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ios Objective C why does a method with no name work

问题描述:

This question already has an answer here:

  • Empty method name, what does this actually do?

    2 answers

网友答案:

The method has a name, it is :.

Not very readable though, is it?

It catches out programmers new to Objective-C that the colons are part of the method name.

网友答案:

why im I allowed to use a method with no name?

Who says the method doesn't have a name? The name is :.

网友答案:

By definition a function in just a memory address where to jump to for the program to continue executing code. parameters are placed on the stack for the function to retrieve. Therefore a function does not need a name other than to make it easy for a developer to call.

As far as a developer is concerned, functions are located by their name. Therefore a function without a name has little to no use to a developer. This is why providing a meaningful name is important.

That being said the fact is that the methods are quite similar to other languages in the fact that the entire name is the function name, and the parameters are placed on the stack for the function to retrieve. therefore the function's name is not really split into sections to place the parameters in the middle of, rather that is for the convenience of the developer to be able to read the command from left to right and determine what each parameter is. Naming these functions is equally important.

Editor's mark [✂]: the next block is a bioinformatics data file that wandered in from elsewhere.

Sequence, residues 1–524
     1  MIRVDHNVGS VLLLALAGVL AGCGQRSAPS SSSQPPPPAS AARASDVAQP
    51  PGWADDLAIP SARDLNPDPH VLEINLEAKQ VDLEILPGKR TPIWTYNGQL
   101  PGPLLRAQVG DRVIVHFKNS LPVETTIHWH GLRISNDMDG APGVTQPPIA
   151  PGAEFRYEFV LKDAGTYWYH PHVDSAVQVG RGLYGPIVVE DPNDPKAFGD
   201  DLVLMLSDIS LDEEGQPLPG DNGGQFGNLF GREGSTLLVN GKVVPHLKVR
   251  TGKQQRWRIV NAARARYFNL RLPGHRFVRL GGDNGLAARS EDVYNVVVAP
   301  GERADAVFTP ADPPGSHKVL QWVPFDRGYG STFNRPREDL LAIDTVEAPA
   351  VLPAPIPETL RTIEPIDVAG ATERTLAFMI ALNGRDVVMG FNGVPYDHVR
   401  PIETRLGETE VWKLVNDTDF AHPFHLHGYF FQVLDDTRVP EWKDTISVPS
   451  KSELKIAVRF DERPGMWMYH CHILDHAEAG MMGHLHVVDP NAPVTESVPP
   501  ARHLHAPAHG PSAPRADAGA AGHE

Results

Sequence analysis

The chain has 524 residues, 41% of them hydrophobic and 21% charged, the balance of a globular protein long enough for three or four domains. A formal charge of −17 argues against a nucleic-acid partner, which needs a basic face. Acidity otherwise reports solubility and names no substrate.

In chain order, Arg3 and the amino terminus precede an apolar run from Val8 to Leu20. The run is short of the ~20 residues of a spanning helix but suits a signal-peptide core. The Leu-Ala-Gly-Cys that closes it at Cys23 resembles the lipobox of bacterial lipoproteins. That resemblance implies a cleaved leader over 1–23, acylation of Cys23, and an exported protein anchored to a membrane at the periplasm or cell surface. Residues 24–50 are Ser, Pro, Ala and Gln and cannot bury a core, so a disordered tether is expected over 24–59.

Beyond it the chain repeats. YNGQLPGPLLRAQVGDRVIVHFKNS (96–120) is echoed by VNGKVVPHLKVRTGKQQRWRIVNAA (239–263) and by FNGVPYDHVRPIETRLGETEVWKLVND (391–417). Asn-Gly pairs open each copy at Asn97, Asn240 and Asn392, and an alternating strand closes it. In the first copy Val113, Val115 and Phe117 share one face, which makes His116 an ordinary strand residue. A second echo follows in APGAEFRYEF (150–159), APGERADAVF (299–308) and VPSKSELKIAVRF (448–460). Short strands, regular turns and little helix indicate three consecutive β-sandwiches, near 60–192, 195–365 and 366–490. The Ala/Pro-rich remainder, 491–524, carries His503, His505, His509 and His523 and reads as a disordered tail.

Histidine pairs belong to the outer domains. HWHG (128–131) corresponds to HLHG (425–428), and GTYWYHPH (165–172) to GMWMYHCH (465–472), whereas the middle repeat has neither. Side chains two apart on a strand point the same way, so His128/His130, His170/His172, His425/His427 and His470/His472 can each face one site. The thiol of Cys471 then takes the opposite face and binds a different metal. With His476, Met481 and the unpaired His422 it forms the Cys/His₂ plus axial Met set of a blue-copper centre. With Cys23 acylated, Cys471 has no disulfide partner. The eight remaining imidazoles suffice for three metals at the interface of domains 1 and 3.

A function for instance that is called -[ClassType addInt:toInt:] used as such

[myObj addInt:10 toInt:12];

would be the same in another language as

[ClassType addInt:toInt:]( myObj,10,12 );

by using the parameter type for the function, you can tell what is supposed to be in each parameter just by reading from left to right, If for instance the command was

-[myObj addDouble:toInt:]

you would immediately know that the first parameter was a double, and the second parameter was an int.

you can see that this is a correct analog for this in the macintosh terminal by using the nm command

nm /System/Library/Frameworks/CoreFoundation.framework/CoreFoundation | grep "NSArrayM"

This will show you the exported functions in the CoreFoundation.framework that refer to the NSArrayM object.

here is the output from the above command.

(I used NSArrayM to limit the list and display a correct analog, but all of the commands in CoreFoundation are there for you to look at if you remove the pipe into grep.

The first parameter of any function that starts with a - is the object address, whereas the functions that start with a + require no object address as they are static functions.

Update

In the interest of accuracy, I did some research on Selectors and the objc_sendMsg() function.

Selectors not being the same as Functions or Methods, I delved deeper into how they work. And As it turns out, the idea of functions holds true. While a string is used to determine the selector either at compile time, or at runtime. It is provided as a GUID that uniquely identifies the selector to the application. That GUID is put into a lookup table for each object that responds to the selector. Therefore the Selector in the instance of this question is ":", however the function that is called from that selector could very well have no name at all.

Here is a link to a stackoverflow answer that eventually brought me to that understanding.

Understanding uniqueness of selectors in Objective-C

As well as a link to the Source for objc_sendMsg

http://www.opensource.apple.com/source/objc4/objc4-371/runtime/Messengers.subproj/objc-msg-i386.s

and an image of the specific function in the assembly code.

I apologize if this has confused anyone, I hope this clears things up, and that others find this as interesting as I did.

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